Soft water greatly reduces the scaling of pipes, faucets, and bath fixtures, and reduces spotting of glasses, dishes, and flatware. Soft water also helps detergent clean your clothes better while making your clothes last longer too!

You can reduce your laundry detergent, dishwashing soap, hand soap and shampoo to half what you would normally use, not to mention soft water is much more pleasant to wash with, leaving less soap scum on you, and your tub/shower.

What are the effects of had water and why should I remove it from my water?

For many uses, it would not matter. For instance, to put out fires, water your lawn, wash the mud off the streets or float your boat, water would have to be pretty hard to cause a problem. But for bathing, washing dishes and clothes, shaving, washing your car and many other uses of water, hard water is not as efficient or convenient as “soft water.”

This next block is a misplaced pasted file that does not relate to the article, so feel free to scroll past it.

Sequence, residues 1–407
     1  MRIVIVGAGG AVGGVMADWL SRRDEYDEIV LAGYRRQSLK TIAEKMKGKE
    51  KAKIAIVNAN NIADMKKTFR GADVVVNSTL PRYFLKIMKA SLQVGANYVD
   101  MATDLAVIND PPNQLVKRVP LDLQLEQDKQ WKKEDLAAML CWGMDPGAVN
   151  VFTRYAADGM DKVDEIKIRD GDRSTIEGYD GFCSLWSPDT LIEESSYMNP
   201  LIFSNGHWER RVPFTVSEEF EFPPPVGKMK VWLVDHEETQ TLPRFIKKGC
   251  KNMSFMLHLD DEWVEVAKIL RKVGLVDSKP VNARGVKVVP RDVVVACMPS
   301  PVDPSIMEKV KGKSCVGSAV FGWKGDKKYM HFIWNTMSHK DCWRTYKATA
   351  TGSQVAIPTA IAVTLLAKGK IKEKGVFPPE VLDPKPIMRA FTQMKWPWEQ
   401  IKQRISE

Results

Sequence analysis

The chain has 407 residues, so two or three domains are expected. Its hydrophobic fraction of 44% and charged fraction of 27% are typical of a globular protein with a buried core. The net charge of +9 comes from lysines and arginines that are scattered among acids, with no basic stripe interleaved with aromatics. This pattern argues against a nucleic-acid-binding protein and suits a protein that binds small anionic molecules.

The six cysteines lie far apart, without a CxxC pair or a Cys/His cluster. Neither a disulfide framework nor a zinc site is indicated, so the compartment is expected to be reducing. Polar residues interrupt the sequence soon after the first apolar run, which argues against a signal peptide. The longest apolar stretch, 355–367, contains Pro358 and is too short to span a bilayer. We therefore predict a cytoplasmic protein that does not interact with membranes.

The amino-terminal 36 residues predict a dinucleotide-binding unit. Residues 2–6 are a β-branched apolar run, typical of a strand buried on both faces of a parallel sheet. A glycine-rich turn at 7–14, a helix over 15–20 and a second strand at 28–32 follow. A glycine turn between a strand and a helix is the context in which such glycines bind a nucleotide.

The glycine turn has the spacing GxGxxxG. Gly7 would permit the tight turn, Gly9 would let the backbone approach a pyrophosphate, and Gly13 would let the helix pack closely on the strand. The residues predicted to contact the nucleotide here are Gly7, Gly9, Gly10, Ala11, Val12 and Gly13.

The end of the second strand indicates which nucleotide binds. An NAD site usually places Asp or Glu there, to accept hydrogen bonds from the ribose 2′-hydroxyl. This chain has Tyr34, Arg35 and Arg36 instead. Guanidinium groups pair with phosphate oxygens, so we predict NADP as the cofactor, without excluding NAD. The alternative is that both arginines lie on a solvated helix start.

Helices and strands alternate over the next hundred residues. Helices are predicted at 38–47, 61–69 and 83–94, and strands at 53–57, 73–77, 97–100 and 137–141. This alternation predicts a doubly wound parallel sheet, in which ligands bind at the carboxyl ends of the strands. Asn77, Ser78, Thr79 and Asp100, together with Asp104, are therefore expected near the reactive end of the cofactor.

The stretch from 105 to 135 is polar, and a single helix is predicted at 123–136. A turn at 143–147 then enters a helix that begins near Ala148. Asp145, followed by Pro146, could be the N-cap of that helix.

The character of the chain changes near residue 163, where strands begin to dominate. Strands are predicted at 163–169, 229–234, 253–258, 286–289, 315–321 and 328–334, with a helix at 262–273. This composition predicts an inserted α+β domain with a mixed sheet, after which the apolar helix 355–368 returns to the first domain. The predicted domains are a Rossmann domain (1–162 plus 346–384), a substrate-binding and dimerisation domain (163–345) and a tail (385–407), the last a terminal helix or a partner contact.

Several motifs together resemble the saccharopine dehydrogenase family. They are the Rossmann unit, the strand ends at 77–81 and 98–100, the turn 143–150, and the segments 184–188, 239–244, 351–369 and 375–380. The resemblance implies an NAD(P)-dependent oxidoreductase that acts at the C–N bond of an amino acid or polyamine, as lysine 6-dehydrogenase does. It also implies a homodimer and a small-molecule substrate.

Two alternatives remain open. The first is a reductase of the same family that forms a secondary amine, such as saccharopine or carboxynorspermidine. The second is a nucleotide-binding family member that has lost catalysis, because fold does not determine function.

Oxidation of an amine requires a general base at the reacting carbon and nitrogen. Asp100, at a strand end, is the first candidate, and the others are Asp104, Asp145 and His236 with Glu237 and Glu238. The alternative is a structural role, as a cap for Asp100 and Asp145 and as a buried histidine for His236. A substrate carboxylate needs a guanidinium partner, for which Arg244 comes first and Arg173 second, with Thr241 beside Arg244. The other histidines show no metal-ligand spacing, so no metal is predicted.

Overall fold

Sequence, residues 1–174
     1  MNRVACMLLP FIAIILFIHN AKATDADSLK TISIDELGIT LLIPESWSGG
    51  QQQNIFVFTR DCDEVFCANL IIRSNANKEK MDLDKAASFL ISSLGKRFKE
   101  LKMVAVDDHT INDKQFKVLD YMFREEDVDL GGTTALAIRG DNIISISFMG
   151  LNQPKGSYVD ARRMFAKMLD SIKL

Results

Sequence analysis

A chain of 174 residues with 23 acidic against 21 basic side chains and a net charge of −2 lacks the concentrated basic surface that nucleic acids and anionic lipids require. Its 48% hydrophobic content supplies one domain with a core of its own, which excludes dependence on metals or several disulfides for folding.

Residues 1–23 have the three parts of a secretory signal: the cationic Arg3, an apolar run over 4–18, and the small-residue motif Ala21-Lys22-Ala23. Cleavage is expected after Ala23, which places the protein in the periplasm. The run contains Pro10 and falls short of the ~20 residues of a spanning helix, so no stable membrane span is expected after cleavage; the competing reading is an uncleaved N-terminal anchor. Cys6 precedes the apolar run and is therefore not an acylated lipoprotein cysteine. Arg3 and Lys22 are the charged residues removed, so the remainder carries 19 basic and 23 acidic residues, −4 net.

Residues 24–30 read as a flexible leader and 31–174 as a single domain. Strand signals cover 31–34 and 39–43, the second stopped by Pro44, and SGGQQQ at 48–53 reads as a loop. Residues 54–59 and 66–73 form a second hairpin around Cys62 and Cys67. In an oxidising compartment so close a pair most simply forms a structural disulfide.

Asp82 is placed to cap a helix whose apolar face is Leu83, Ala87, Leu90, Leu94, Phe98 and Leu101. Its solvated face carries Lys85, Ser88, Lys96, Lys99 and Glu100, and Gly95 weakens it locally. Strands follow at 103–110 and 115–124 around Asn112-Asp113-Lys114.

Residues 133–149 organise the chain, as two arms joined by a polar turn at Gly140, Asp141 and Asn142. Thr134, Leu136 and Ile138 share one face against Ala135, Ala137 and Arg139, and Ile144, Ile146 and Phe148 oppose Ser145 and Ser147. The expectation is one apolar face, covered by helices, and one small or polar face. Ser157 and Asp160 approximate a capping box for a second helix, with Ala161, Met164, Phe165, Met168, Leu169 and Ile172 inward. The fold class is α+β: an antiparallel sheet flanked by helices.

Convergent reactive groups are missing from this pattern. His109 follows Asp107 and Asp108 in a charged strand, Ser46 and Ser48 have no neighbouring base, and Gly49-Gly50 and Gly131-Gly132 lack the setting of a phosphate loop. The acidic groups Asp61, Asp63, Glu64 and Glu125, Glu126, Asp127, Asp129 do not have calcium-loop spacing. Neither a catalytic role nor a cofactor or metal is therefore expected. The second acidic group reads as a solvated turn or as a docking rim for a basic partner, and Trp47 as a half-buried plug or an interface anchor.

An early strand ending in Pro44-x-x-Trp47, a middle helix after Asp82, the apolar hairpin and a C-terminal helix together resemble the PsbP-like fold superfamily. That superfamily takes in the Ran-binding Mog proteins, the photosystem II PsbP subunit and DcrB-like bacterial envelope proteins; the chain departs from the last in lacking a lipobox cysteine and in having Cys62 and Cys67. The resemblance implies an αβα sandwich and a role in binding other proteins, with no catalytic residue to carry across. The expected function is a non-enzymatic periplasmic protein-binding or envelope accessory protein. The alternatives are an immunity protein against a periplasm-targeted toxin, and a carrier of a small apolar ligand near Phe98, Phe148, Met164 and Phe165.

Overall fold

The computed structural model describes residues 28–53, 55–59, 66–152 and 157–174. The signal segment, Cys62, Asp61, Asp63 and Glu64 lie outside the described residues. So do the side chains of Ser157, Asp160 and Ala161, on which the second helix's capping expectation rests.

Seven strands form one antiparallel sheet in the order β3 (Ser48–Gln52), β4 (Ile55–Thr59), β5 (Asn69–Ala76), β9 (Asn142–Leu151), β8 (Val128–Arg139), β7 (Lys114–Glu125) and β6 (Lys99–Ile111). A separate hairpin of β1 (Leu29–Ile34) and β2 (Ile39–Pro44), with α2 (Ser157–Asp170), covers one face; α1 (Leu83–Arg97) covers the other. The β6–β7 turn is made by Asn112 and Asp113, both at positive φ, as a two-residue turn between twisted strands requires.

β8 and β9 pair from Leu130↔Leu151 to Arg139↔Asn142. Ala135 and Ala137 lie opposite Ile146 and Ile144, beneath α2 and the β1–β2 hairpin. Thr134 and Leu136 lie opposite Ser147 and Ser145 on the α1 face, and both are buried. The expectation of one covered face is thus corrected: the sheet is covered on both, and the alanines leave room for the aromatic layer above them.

For instance, you use only 1/2 as much soap cleaning with soft water because hard water and soap combine to form “soap scum” that can’t be rinsed off, forming a bathtub ring on all surfaces and drys leaving unsightly spots on your dishes. When hard water is heated, the hardness minerals are re-crystallized to form hardness scale. This scale can plug your pipes and hot water heater, causing premature failure, necessitating costly replacement.

Soap scum remains on your skin even after rinsing, clogging the pores of your skin and coating every hair on your body. This crud can serve as a home for bacteria, causing diaper rash, minor skin irritation, and skin that continually itches. For many industrial uses, the hardness minerals interfere with the process, causing inferior product.

Why shouldn't I use a water softener?

If you use salt to regenerate your softener, then a small amount of sodium is added to the water. For the majority of people, this is not a problem.

If you’re on a sodium-restricted diet, we recommend either:

* Leaving the cold side of your water supply at your kitchen faucet on hard water, or
* Installing a separate faucet in the kitchen that dispenses unsoftened water for drinking and cooking, or